People, by and large, are terrible at assessing risk. The media helps to skew people’s perceptions of dangerous situations but we’d be doing it regardless of their influence. It’s in our nature.

Plus, if a religion puts a lot of stock in the power of fear – fear of eternal damnation, fear of god – then I can see why believers may be less likely to do the bold thing. Far safer to do the safe thing, from a day-to-day life perspective and an afterlife perspective. Speeding isn’t just dangerous as an activity; it’s against the law and breaking laws is sinful. Whose laws are they really afraid of breaking if they speed a little?


Religious youth less likely to try drugs and alcohol, apparently

September 11, 2014

Science Daily is reporting on a paper published in Alcohol Treatment Quarterly.

The youths participating in the study had been referred by the courts or by medical professionals. 195 juvenile offenders agreed to spend two months in a “residential treatment program” where they were interviewed, screened for drug use and otherwise monitored and reported on – for science.

Study findings, which support a growing body of research, suggest that young people who connect to a “higher power” may feel a greater sense of purpose and are less likely to be bothered by feelings of not fitting in, said researcher Byron Johnson, Ph.D., co-director of Baylor’s Institute for Studies of Religion.

How did they get to these findings?

Researchers used four measures: alcohol or drug use, craving for alcohol or drugs; prosocial behaviors (service to others); and self-centered or narcissistic behavior. Forty percent of youths who entered treatments as agnostic or atheist identified themselves as spiritual or religious at discharge, which correlated with a decreased likelihood of testing positive for alcohol and drugs.

“Daily spiritual experiences” such as prayer or worship also were associated with “a greater likelihood of sexual abstinence, increased prosocial behaviors and reduced narcissistic behaviors,” researchers wrote.

It’s a short article and, without having access to the original paper, there’s not much I can do here but parrot the reporters and then throw a few thoughts on the virtual table.

Statistics are some of the most bendable things in the universe. That 40% put in there: Is that 40% of 195? Or did they mean some mystery X % of the 195 identified as non-religious and of those, less than half of them changed their tune by the end of the study? If, for ease of calculation, there had been only 10 agnostics, that’s only 4 minds changed. Hardly staggering or worth reporting on if you ask me.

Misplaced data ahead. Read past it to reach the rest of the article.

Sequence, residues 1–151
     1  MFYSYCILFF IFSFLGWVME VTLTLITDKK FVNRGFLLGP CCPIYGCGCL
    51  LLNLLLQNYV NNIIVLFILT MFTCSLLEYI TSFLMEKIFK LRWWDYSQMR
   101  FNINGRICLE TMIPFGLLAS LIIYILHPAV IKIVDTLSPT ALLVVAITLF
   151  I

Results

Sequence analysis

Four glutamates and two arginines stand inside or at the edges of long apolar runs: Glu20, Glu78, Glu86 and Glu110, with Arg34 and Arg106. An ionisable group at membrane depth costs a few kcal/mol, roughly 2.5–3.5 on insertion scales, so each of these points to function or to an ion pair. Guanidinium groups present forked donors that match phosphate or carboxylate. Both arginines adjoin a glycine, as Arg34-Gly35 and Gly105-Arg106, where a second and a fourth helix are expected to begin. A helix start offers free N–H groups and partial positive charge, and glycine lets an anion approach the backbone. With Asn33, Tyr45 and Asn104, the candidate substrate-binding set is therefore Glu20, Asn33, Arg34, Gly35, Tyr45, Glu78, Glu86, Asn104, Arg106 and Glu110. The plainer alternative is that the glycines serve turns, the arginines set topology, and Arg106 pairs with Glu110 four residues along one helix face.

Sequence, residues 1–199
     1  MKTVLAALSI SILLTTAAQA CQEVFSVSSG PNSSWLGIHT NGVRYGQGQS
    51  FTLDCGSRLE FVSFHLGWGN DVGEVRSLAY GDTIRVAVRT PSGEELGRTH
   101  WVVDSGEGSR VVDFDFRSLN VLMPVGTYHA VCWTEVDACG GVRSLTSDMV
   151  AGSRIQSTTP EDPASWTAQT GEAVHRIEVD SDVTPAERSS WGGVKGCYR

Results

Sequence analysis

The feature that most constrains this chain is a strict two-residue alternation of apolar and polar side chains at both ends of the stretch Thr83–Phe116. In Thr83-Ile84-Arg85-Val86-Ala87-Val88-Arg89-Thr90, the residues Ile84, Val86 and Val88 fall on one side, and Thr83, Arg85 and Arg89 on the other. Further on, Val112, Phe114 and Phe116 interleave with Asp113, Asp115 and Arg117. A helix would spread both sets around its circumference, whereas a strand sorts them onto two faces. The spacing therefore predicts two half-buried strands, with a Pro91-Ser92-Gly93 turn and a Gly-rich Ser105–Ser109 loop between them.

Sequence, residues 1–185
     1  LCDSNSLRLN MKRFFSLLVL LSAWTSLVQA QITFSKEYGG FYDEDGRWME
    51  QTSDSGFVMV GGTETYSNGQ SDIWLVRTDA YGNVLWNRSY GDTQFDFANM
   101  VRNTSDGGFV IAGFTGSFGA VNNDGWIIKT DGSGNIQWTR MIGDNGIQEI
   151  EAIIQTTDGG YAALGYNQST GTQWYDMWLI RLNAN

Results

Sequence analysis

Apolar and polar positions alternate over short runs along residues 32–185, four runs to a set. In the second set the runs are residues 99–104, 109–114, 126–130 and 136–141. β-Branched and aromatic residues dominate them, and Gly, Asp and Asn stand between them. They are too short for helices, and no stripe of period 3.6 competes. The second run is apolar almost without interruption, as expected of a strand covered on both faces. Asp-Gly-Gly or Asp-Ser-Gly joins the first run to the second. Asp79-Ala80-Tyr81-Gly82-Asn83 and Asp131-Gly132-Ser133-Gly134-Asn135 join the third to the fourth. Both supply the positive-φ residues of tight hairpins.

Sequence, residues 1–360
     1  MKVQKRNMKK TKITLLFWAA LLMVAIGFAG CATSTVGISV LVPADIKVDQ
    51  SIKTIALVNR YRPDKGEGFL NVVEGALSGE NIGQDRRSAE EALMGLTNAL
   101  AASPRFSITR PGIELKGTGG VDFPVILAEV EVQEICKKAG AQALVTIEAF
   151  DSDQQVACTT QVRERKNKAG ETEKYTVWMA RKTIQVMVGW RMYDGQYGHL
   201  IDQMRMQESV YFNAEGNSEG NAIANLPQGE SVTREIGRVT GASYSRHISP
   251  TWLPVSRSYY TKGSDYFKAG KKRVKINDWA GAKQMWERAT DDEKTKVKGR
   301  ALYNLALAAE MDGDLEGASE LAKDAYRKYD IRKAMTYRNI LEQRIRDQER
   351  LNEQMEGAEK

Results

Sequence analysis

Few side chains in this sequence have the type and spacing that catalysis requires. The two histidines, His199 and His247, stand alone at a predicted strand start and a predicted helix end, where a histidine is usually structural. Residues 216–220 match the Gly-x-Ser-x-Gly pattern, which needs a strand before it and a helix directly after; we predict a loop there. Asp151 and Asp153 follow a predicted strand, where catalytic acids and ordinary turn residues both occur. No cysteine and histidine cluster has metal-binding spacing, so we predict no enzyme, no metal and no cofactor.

Also, if X % is agnostic, how big is Y %, the percentage of young offenders identifying as Christian? Were they Christian when they did whatever it is that sent them to court in the first place? If it wasn’t drug or alcohol related, what was it? Thievery? Assault? Graffiti? What?

“Connection to a higher power” apparently doesn’t correlate with “never breaks a law.” Religious kids can still be rebellious even if they never smoke crack or down a mickey of booze. This is evident by the fact that they found 195 kids to study and only X % were non-religious. I say “only X” because non-religious remains a minority position in the States and will be for a while still.

Johnson noted that fewer adolescents today are connected to a religious organization than were youths of previous generations. Twenty-five percent of the millennial generation — people born between 1980 and 2000 — were not attached to any particular faith, Johnson said, citing a 2010 Pew Research report.

Among possible reasons that adolescents may opt not to experiment with drugs are religious instruction, support from congregations, or a conviction that using alcohol and drugs violates their religious beliefs, Johnson said.

I’ll make the case that social support is the key issue here, not religion. To increase pro-social behaviour in youth, how about creating more affordable pro-social activity incentives for everyone overall? Encourage people to know and like and grow to trust their neighbours. Create an environment in the home, school, neighbourhood and overall community that promotes quality behaviour and ethical living. Make it easier to do the right thing, to be the good person. Try to do more earlier to catch the kids that are disconnected and not finding it easy to make friends — and the ones that turn to bullying behaviours to cope. More support for the family unit in general in terms of having a living wage and adequate food and housing. Take some of the stress out of home life and maybe kids wouldn’t have as big a compulsion for a chemical escape from it. Hell, even encouraging people to start gardening can have a positive impact on a community. To quote Ron Finley,